1. Have a specific aim
If you’re planning to send out an survey, it’s imperative that you have a goal behind it. Lengthy surveys that ask lots of non-connected questions will annoy customers and give you more data than you can efficiently process. Make sure that each question on your survey is focused on helping you to improve one single aspect of your business.
2. Make it short and sweet
This relates to both the number of questions and the length of the questions themselves. Only ask questions that you absolutely need to know the answer to and always relate them to your plan (see point 1). A survey of 5 short questions will surely receive more responses than one that is 25 questions long.
3. Simple is beautiful
Keep questions easy to understand, which means limiting your use of jargon or technical language. Also, try not to assume that your respondents know anything about the topic. Give information if needed, but only the most basic and keep it short. Respondents faced with a long text to read will be tempted to abandon the survey.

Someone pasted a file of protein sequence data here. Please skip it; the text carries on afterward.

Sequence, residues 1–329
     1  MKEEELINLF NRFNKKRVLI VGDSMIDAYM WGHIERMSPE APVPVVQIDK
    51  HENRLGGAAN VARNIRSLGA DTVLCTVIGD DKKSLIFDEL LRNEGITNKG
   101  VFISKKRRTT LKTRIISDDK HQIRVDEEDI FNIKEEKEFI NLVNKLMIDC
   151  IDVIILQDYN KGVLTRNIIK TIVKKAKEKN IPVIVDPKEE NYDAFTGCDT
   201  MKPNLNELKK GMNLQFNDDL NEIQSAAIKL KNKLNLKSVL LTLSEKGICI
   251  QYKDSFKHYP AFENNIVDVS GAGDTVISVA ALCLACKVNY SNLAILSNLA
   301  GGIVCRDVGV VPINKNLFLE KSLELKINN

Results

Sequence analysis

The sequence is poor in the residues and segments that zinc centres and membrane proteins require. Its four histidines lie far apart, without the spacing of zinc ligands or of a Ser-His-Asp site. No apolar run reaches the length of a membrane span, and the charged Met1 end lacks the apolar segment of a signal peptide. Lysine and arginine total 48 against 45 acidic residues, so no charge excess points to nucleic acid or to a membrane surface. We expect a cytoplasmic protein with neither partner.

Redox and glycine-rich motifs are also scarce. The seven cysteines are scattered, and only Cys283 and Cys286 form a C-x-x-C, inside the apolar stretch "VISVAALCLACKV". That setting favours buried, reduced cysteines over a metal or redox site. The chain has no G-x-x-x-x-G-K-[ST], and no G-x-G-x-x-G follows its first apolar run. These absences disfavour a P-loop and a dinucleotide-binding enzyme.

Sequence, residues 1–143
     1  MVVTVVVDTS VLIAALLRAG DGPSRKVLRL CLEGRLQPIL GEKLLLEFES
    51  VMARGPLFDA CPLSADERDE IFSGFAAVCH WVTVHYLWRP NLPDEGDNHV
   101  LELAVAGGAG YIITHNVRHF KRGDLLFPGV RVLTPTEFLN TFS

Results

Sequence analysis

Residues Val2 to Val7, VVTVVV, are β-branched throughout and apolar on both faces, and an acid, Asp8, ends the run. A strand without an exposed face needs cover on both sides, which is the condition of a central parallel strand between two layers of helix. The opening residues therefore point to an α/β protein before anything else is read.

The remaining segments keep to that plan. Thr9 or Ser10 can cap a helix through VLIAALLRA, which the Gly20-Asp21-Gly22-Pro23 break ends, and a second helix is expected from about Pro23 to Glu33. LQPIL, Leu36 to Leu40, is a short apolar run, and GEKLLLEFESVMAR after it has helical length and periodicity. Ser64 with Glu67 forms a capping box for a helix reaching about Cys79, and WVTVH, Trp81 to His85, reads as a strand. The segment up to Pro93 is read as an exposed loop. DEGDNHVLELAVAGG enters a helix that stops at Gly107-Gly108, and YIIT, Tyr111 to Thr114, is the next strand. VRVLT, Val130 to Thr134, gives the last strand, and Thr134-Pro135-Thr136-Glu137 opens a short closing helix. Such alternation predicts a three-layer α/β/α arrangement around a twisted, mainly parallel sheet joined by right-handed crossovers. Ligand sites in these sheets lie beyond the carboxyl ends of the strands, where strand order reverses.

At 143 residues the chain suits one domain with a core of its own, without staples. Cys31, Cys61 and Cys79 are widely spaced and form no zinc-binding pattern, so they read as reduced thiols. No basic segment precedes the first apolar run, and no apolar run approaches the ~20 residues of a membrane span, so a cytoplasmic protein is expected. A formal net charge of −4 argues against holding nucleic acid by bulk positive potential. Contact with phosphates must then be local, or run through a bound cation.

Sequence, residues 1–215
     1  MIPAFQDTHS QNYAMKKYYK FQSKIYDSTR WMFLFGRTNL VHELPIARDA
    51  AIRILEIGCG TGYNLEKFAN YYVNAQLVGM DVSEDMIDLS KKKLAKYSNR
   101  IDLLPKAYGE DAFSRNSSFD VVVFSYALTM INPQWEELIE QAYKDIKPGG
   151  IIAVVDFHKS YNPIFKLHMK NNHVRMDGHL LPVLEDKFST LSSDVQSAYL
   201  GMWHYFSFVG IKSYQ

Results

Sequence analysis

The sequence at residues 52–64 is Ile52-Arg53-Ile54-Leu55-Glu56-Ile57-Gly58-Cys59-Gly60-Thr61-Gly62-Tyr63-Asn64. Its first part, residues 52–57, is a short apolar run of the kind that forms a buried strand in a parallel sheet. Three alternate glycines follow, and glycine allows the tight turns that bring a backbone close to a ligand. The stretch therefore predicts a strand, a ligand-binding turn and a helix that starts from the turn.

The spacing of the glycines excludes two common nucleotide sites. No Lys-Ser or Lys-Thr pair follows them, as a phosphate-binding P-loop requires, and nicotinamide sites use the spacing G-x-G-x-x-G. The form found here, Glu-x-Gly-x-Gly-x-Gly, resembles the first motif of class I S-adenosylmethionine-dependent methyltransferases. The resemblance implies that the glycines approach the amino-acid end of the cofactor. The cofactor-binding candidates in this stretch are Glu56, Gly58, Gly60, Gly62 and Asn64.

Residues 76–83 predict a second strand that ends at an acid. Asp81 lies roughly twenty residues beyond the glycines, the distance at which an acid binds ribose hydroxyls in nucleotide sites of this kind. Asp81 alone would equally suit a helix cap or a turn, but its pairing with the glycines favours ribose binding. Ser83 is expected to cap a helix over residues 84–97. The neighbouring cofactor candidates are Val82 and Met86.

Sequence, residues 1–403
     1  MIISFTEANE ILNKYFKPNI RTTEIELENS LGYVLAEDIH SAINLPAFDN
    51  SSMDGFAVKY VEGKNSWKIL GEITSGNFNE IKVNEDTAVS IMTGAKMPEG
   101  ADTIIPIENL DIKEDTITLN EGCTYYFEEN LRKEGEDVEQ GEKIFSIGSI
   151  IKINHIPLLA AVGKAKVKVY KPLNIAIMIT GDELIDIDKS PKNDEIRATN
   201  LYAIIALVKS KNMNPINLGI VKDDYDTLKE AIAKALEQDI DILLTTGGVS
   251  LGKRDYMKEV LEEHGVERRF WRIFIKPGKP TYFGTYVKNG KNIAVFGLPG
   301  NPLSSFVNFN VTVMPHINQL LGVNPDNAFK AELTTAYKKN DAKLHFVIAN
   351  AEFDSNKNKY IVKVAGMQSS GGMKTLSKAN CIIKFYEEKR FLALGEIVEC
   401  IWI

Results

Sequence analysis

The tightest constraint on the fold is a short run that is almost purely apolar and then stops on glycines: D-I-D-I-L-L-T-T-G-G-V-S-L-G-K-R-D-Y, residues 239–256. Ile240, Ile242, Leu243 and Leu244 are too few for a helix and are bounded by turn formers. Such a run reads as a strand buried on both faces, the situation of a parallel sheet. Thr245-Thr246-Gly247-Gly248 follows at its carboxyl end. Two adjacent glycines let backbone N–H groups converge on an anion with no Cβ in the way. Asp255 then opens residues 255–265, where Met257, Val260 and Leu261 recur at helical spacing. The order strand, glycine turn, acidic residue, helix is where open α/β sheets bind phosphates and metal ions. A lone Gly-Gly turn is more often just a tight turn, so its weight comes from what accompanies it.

4. Fit the type of question to the type of answer you need
You can use yes/no questions for simple topics, but don’t be afraid to employ open-ended questions when you want an opinion, or when possible answers are not easy to predict or categorise. The information you gain from these types of questions may be most helpful to you in improving your business.
5. Offer prizes for taking the survey
You can encourage customers to take the survey by offering them something in return. However, the prize doesn’t have to be monetary. Many people will be motivated by the chance to win something in a prize draw. Loyalty points or coupons are also a strong incentive and also benefit your business by encouraging people to shop with you in the future.
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